Gates calls for new privacy law
Microsoft Chairman Bill Gates asked the U.S. Congress to pass a comprehensive privacy law this year, allowing consumers to control how their personal information is used.
Gates repeated past Microsoft calls for a wide-ranging privacy law during a speech at advocacy group the Center for Democracy and Technology’s (CDT) annual gala dinner Wednesday. A comprehensive privacy bill should allow consumers to control their personal data, should provide transparency about what their data is used for, and should notify them when their data has been compromised, Gates said.
Gates said he believes the U.S. can achieve a balance between privacy and protecting the country against terrorists and other criminals. But the balance will not be an easy one to create, Gates said.
While many U.S. residents would say they want as much privacy “as possible,” law enforcement needs to be able to track criminals, Gates said. “These privacy issues are not as easy as you might think,” he told the crowd.
Gates hinted that some privacy protections can go so far that they become annoying to consumers. He talked about the Health Insurance Portability and Accountability Act (HIPAA), passed by Congress in 1996, which puts strict controls on the release of information. HIPAA too often asks patients to sign documents allowing the release of their medical records, he said.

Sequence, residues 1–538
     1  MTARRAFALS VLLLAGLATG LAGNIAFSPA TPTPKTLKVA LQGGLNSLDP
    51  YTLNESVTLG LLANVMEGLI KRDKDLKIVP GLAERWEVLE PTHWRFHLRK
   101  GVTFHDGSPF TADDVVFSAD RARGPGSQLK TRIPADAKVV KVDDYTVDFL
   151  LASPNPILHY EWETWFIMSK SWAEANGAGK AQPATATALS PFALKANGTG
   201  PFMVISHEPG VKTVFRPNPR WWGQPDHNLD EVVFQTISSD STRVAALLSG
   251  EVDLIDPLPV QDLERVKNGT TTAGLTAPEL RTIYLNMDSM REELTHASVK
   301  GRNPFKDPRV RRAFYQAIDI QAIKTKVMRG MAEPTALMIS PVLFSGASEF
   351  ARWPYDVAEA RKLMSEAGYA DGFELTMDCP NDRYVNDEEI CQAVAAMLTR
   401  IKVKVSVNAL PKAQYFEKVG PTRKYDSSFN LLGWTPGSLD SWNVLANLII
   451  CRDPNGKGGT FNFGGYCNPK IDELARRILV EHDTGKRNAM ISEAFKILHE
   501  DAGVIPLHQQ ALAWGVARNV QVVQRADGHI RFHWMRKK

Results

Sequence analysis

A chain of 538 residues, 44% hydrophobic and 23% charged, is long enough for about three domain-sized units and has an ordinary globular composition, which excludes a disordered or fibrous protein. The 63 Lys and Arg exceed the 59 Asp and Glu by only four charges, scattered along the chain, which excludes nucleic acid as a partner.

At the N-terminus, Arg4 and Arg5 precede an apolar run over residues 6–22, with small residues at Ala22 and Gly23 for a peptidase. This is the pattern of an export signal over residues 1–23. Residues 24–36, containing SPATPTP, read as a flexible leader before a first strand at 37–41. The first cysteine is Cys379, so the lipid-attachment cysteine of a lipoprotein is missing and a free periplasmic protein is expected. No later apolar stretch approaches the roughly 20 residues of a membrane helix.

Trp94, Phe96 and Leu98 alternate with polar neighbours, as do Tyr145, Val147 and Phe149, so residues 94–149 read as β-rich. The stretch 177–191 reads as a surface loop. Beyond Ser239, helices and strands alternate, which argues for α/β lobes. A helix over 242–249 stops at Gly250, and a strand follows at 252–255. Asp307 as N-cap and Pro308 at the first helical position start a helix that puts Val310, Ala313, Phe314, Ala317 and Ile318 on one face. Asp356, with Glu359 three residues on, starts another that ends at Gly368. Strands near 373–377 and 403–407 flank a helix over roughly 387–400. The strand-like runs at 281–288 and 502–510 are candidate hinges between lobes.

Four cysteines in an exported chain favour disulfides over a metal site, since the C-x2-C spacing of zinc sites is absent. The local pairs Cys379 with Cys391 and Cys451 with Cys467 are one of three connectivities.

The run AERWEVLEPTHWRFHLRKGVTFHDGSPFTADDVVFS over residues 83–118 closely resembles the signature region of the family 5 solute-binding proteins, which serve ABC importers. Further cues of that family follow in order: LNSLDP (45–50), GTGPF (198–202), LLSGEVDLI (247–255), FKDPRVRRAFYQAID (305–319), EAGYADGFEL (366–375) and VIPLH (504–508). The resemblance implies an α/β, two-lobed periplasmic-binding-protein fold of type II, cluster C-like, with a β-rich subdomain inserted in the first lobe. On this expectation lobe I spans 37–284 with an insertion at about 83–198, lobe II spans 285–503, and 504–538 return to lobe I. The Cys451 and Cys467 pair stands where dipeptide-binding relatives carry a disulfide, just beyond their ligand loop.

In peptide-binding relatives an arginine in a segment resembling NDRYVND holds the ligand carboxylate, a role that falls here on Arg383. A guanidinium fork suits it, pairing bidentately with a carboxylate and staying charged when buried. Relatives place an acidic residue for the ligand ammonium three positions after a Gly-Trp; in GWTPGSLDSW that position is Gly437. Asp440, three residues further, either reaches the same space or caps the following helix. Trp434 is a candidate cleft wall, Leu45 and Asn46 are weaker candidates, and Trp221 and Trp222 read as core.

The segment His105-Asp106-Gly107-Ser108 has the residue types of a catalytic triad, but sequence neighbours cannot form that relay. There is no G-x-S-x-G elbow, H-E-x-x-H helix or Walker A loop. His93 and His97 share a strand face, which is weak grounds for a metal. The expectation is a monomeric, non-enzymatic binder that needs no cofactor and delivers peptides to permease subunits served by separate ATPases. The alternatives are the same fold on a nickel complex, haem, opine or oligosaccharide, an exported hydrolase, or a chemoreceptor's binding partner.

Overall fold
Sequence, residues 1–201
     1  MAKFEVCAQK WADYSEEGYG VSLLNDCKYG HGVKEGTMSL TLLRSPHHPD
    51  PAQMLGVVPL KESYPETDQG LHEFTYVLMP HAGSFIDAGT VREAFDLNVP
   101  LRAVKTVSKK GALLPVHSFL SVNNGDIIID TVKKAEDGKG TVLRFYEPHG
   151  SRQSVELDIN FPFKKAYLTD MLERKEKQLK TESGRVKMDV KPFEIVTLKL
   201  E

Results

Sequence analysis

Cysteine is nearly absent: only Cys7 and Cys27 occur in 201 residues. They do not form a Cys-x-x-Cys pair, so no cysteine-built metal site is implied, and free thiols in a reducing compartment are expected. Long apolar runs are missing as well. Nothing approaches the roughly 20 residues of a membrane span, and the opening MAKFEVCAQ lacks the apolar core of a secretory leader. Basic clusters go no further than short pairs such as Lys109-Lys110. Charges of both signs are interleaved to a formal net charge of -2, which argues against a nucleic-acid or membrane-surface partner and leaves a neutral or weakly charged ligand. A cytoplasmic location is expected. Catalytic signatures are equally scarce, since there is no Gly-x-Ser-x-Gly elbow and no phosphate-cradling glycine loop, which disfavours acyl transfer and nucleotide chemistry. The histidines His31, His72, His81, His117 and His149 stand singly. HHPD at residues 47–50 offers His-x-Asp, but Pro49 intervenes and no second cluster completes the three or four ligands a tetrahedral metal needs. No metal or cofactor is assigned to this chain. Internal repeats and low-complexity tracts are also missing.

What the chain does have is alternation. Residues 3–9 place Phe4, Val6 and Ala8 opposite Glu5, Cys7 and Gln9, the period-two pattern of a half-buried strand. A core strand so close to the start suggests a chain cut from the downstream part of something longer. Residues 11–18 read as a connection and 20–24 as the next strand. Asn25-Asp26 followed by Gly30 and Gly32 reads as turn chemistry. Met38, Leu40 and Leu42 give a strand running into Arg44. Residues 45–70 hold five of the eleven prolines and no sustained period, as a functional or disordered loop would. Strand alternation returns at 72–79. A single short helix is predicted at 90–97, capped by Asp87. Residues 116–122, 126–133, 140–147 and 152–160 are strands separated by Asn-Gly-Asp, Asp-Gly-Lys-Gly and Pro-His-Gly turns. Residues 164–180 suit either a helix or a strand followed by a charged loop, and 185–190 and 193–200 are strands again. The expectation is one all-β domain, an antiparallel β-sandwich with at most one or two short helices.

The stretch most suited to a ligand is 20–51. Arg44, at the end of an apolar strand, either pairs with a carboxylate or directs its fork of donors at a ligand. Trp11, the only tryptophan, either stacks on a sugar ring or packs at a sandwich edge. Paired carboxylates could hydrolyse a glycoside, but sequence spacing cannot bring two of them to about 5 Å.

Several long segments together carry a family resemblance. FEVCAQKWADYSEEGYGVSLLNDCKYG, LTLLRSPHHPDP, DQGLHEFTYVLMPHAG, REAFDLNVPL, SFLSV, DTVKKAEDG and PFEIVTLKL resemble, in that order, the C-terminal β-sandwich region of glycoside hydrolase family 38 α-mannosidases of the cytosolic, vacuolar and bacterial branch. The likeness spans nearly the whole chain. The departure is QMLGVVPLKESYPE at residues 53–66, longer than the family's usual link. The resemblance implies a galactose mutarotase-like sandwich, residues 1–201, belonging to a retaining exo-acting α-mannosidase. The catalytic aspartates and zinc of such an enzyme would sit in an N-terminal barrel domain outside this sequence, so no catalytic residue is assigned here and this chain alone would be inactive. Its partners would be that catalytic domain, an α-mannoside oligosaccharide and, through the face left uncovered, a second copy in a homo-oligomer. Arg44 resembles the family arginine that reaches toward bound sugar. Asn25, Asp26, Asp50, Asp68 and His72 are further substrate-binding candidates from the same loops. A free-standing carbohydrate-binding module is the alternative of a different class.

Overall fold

HIPAA is evidence “we don’t always get it right the first time,” Gates said. “All I know is I keep signing those forms.”
Another balance Congress needs to strike is between emerging technologies and privacy, said Senator Patrick Leahy, a Vermont Democrat and chairman of the Senate Judiciary Committee. Leahy also called on Congress to pass a privacy law.
But a privacy law cannot restrict new technologies, Leahy said. “I don’t want to stop the technologies, I want to protect our privacy,” he during the dinner. “I think we can do both.”
The U.S. government spying on its residents is of particular concern, Leahy said. “I don’t want to put a brake on technology, but on what my government can learn about me without letting me know,” he said.
Leahy and Gates both said they have great hopes for the future of the Internet. “The Internet is a great tool,” Leahy said. “Let’s keep it a free tool.”
The world is just at the beginning of the potential of the Internet coupled with personal computers, Gates added. Coming advances in storage, in bandwidth and in user-created content will make the Internet and even greater tool for democratic ideals, he said.
“We’re just at the very beginning,” he said.